Tuesday, November 3, 2009

Gold, coal and oil: regulatory crisis of sizeable magnitude

Gold, coal and oil: regulatory crisis of sizeable magnitude

Whereas maximum allowed concentrations of arsenic in soils of some
countries such as Canada and Germany range from 5-50 milligrams/kg, in
some places of the world where soils have been contaminated by allowed
gold mining operations – e.g., Paracatu and Nova Lima, Brazil – or by
irrigation with arsenic-contaminated water – e.g. Bangladesh and West
Bengal – soil arsenic concentrations reach several grams/kg, that is,
thousand times the internationally maximal allowed concentrations.

The Paracatu open cut mine is one of the world’s largest and also the
one which produces the largest amounts of arsenic per ton gold. The
Nova Lima underground gold mine is the world’s oldest. There are
thousands of active, inactive or projected gold mines around the world
and gold ores containing arsenic are the most abundant in these mines.
According to estimates by Sergio Dani, a MD, PhD at the Medawar
Institute who authored a study in Medical Hypotheses (Gold, Coal and
Oil, Medical Hypotheses, doi:10.1016/j.mehy.2009.09.047), gold mines
alone have the potential to produce 10-100 kg arsenic for each human
being presently leaving on Earth. When arsenic is released to air,
soil and waters, it can be mobilized in a centennial to millenial time
scale, extending the hazard to future generations.

Among the effects of arsenic on human health, Sergio Dani investigates
Alzheimer’s disease and diverse forms of cognitive losses in
populations chronically exposed to arsenic. “Preliminary evidence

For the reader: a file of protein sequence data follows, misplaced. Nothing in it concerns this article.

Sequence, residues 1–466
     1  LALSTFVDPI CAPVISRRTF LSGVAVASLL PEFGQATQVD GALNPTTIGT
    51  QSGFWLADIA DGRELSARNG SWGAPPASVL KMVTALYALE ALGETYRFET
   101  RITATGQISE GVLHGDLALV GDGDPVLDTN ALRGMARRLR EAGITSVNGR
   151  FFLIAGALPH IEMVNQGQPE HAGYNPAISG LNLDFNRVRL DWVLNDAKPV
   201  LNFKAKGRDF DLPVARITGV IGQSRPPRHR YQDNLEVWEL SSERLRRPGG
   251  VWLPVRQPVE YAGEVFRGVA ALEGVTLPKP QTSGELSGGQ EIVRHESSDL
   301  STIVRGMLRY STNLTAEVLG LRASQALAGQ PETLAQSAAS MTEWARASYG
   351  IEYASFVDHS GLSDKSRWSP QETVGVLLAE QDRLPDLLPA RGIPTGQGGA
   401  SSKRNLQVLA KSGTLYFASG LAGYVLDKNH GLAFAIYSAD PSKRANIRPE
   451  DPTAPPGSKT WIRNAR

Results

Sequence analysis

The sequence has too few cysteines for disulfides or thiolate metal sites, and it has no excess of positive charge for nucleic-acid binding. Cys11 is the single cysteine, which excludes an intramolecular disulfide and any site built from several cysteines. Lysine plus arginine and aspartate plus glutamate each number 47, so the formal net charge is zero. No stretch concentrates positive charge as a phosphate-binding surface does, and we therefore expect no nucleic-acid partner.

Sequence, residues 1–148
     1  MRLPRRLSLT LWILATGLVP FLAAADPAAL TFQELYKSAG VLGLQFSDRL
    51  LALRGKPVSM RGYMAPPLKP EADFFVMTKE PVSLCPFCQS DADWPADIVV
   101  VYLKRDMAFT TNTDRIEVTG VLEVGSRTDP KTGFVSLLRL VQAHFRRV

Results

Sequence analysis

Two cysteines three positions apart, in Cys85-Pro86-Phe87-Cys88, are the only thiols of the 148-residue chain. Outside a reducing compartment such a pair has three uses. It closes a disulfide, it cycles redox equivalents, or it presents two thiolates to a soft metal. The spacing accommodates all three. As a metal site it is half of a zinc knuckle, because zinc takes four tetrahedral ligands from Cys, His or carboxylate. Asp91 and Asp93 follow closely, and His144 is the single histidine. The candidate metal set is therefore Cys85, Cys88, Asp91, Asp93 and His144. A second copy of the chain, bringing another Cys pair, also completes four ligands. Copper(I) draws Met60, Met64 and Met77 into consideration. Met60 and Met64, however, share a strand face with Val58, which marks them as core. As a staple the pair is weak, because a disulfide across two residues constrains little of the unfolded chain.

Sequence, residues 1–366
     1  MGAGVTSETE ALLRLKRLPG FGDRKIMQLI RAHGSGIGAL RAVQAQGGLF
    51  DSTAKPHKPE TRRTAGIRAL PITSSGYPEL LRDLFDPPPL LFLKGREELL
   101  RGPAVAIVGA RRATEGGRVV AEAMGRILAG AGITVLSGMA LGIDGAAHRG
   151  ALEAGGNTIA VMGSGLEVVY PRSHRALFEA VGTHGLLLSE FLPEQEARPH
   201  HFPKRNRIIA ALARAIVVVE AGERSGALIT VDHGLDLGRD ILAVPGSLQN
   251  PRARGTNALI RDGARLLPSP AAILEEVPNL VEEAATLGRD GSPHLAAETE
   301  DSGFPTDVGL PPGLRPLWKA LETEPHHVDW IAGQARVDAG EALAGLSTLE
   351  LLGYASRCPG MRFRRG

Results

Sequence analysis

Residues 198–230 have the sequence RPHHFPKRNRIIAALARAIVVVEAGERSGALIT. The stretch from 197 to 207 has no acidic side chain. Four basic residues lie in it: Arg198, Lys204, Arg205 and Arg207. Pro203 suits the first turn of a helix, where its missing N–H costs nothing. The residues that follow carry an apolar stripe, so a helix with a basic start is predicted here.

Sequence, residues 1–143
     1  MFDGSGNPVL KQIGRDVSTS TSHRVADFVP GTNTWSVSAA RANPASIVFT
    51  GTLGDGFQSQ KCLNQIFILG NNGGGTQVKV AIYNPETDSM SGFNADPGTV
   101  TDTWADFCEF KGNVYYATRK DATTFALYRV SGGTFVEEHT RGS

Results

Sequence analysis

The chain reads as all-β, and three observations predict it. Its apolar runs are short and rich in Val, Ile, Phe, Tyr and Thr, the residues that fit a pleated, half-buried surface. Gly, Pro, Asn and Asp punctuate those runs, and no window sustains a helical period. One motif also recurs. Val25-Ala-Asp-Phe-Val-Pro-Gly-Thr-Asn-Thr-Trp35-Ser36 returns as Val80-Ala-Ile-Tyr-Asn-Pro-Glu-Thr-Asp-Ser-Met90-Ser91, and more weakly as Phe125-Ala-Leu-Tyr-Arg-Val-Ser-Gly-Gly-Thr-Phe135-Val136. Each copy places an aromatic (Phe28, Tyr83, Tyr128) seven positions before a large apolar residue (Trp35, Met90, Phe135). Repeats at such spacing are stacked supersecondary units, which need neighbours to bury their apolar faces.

delivers an indication that neurodegenerative conditions such as
Alzheimer’s disease can be caused or aggravated by chronic exposure to
arsenic in concentrations that are already common and increasing in
many parts of the world”, alerts Dani.

Control measures proposed by mining companies do not protect humans
and other vulnerable organisms against arsenic, and decontamination of
soils and both surface and ground waters is economically unfeasible.
Therefore scientists all over the world are of the opinion that the
sole efficient protection measure is to provide free access to
uncontaminated air, soils and waters. However, these health-ensuring
commodities are becoming increasingly scarce at each day, each mine.

The study published in Medical Hypotheses raises the issue of a much
needed worldwide ban on hard rock gold mining and establishment of new
restoration and regulatory standards. If the humanitarian point is not
strong enough, at least there is a weaker, though more convincing
argument: socio-economic, health and environmental costs and
liabilities arising from deliberate arsenic contamination largely
outweigh the values of gold mines such as the Paracatu mine. For
recalcitrating gold companies the news is bad enough. Arsenic has
rendered gold a risky business.

Source: Medawar Institute for Medical and Environmental Research /Acangaú Foundation, October 2009.
Find out more about this story at:

Sergio Ulhoa Dani, Dr.med., D.Sc. habil.
Göttingen, Germany
Tel. 00(XX)49 15-226-453-423

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